Survey says Hong Kong students didn't like online learning during Covid-19 class suspension

  • A study of local secondary students found e-learning during coronavirus was more stressful, and students sometimes didn't have the equipment they needed
  • An overwhelming majority prefer learning in person, but returning to school has its own stresses with exams 
Wong Tsui-kai |

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Surprise, surprise: turns out most students weren't big fans of online learning.

A study conducted by Chinese University has revealed that most local secondary students were not too keen on online learning during the suspension of classes. They were also under a lot of stress during e-learning.

The survey collected the opinions of 1,168 students from April to May. Some 18.6 per cent of students said they had to borrow equipment, such as a computer or laptop, and buy data roaming cards. 

The majority – 72 per cent – said they preferred learning in person. Only 23 per cent said online learning was adequate. 

Professor Thomas Chiu Kin-fung, who led the study, told Young Post that the lack of equipment seriously hindered the learning process.

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“But this is not a new issue. Students had encountered this problem in information technology education. The school shutdown and the switch to e-learning just made it more obvious,” he said, adding that charity initiatives from organisations such as the Jockey Club tried to help needy students. 

The Society for Community Organisation’s (SoCo) Sze Lai-shan said this is a common problem for underprivileged families. “Parents are pleading for help. It’s a difficult situation, as some students still do not have the required equipment for e-learning, and schools haven’t fully reopened yet.”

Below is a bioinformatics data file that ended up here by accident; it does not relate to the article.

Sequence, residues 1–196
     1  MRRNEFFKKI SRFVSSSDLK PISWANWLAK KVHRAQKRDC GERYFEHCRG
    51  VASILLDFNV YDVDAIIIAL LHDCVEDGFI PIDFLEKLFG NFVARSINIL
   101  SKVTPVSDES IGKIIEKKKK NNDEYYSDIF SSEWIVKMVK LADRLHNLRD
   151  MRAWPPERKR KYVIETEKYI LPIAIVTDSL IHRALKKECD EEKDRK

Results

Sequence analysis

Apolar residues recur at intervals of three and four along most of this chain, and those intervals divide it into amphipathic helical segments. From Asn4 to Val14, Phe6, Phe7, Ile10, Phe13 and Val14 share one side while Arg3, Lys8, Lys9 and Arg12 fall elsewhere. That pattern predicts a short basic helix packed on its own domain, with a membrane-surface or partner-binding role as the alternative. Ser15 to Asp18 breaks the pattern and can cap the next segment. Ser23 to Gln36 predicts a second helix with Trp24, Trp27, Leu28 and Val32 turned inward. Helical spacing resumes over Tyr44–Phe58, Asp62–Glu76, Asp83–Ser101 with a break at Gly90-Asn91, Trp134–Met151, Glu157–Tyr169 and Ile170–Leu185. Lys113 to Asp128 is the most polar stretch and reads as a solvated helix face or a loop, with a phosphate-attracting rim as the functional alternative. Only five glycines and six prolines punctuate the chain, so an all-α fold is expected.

A survey of 600 such students in March by SoCo found that more than 70 per cent of them did not have a computer with internet access. “Some people and companies donated computers to the students, and some schools let their students borrow a computer or laptop, but it just isn’t enough,” Sze said.

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Chiu said the return to school might be more stressful if students had to immediately catch up on school work and prepare for exams.

“E-learning does not take students’ mental health into consideration,” he said. “Schools should focus on students’ mental health.”

He added: “There should be some level of assessment, but I’m sceptical about the need for excessive assessments and exams.”

He said education isn’t just going to a tutorial school. “Education is about all-round, whole-person development,” he added. 

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